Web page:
• #6 @Alexandra Herrera went the distance against her doubles partner #3 @Montse Mejia before advancing. A tough draw for both players but the champion of the last two LPRT events moves on.
  • #2 @Samantha Salas dominated against her long-time Mexican RivalSusy Acosta , winning 1,6,9.
    In the semis:
  • Longoria cruised into another final, topping Enriquez 2,7,7 in dominant fashion.
  • Herrera held serve against her veteran Mexican rival Salas, winning in four close games.

  • In the final, we get a rematch of the last two LPRT finals (both won by Herrera). Longoria makes her 9th straight final (and probably many more since our database of Mexican results only goes back to 2014) while we get a first time finalist in Herrera. The top to LPRT pros split the first two games 14 and (13), but then Longoria found a new gear and cruised to win the next two games comfortably 15-8, 15-8 to take the title.

Men’s Doubles
PRS report: http://rball.pro/B9F23A
The top 4 seeds held to the semis without any really notable matches in the early stages. Lets pick up the action from there.
In the semis: both top seeds advanced to the finals in hard fought four game matches. #1 Montoya/Mar topped #4 Parrilla/Fernandez from the top side, while the veterans #2 DLR/Beltran held off the youngsters #3 Trujillo/Hernandez in the bottom side.

In the final, we get a frequent matchup; this is a rematch of the 2021, 2020, and 2018 National final, and a frequent match seen on the IRT pro tour. However, unlike for the last few matchups in Mexican Nationals, the veterans topped the newcomers, with DLR/Beltran winning the final in 3 straight games to return to the winner’s circle for the first time since 2018 and vanquishing the current reigning World Champions.


Women’s Doubles
PRS report: http://rball.pro/FFC344
As with the men, the top 4 seeds held to the semis without any really notable matches in the early stages. Lets pick up the action from there.
From the top, #1 Longoria/Salas were not troubled in their semi against #4 Aguilar/Lucia Gonzalez, winning in three games in dominant fashion. The bottom semi was closer, but #2 Herrera/Mejia held off the Parrilla/Ximena Gonzalez pairing in four.
In the final … a frequent rematch. This was the 2019 and 2020 Mexican Nationals final. These are also inarguably the top two teams on the LPRT right now and a frequently seen final (mostly won by the Longoria/Salas pairing save for a famous 2019 Open win by the younger pair).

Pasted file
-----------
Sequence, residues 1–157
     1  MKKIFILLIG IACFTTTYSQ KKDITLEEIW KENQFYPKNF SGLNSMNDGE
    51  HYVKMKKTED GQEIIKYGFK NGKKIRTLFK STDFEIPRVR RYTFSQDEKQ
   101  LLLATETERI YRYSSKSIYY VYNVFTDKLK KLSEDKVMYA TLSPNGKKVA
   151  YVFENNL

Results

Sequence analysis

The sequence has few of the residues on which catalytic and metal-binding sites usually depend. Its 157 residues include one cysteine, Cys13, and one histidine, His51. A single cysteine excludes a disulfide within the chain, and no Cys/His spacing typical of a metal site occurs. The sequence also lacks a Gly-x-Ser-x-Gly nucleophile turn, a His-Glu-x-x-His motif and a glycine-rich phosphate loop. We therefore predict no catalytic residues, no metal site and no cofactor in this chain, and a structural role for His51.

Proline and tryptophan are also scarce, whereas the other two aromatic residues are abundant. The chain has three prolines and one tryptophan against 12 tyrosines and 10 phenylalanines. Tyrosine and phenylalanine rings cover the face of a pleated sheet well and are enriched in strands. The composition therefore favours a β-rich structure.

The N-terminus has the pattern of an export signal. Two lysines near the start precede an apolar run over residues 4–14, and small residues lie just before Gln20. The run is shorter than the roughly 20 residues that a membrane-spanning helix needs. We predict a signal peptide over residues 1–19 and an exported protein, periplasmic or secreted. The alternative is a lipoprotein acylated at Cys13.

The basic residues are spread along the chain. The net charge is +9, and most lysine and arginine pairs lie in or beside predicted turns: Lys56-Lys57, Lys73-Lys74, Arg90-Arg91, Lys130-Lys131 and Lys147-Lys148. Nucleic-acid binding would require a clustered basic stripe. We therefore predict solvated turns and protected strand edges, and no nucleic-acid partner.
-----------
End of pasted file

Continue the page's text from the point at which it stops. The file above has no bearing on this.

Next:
The four top LPRT pros played a very spirited, passionate match. The 15-time champions took the first two games, but their younger rivals stormed back to take games 3 and 4. In the breaker, a number of arguable calls led to a back and forth affair, but a pair of long rallies wen the way of Longoria & Salas and they eked out the win 11-7 in the fifth.


Mixed Doubles
PRS report: http://rball.pro/6C0361
Mexican Nationals was the first major Mixed tournament to be competed, and it was a fun one.
The Semis were chalk with the top 4 seeds advancing, but the early rounds were not without some interesting matches.
From the top side, #5 @Alvaro Beltran and @Montse Mejia topped the veteran team of #12 @Polo Gutierrez andSusy Acosta in the 16s but fell to the Parrilla brother/sister combo in the quarters.
On the bottom side, the third seeded pairing of the two current pro #1s @DaniDaniel de la Rosa and @Paola Longoria played a dominant match to take out the dangerous looking team of Cardona/Lucia in the quarters 4,6,9.
In the semis…

  • #1 Montoya/Salas dropped the first game against the Parrillas, but held on for the win.
  • #3 DLR/Longoria split the first two with the Fernandez/Herrera team before turning on the pressure and taking the next two games to move into the final.
  • In the final…Both Longoria and De la Rosa were competing in their third final in a row … and frankly ran out of gas. After winning the first game, Montoya/Salas won the next three games to give them the inaugural Mixed title for their country. They prevent both #1 players from a historic treble on the weekend.

Thanks for all the streaming on the weekend from the Rkt and @Federación Mexicana de Raquetbol

Reminder to Players! Please like and follow this page so that when I tag you, you see it. Facebook will only retain tags of people that like/follow a page, which means lots of you are not getting the notoriety of getting tagged and noticed on Facebook. If your name is here and it isn’t tagged … it probably means I attempted to tag you but Facebook stripped it.

Next up?
Per our handy master racquetball calendar …
https://docs.google.com/…/1V6OTid6rZ356voXVkoV2sN7KMMb…/

Its the 33rd annual Pan American Racquetball Championships! Live from Bolivia, this is the annual international competition that will run over the next two weekends!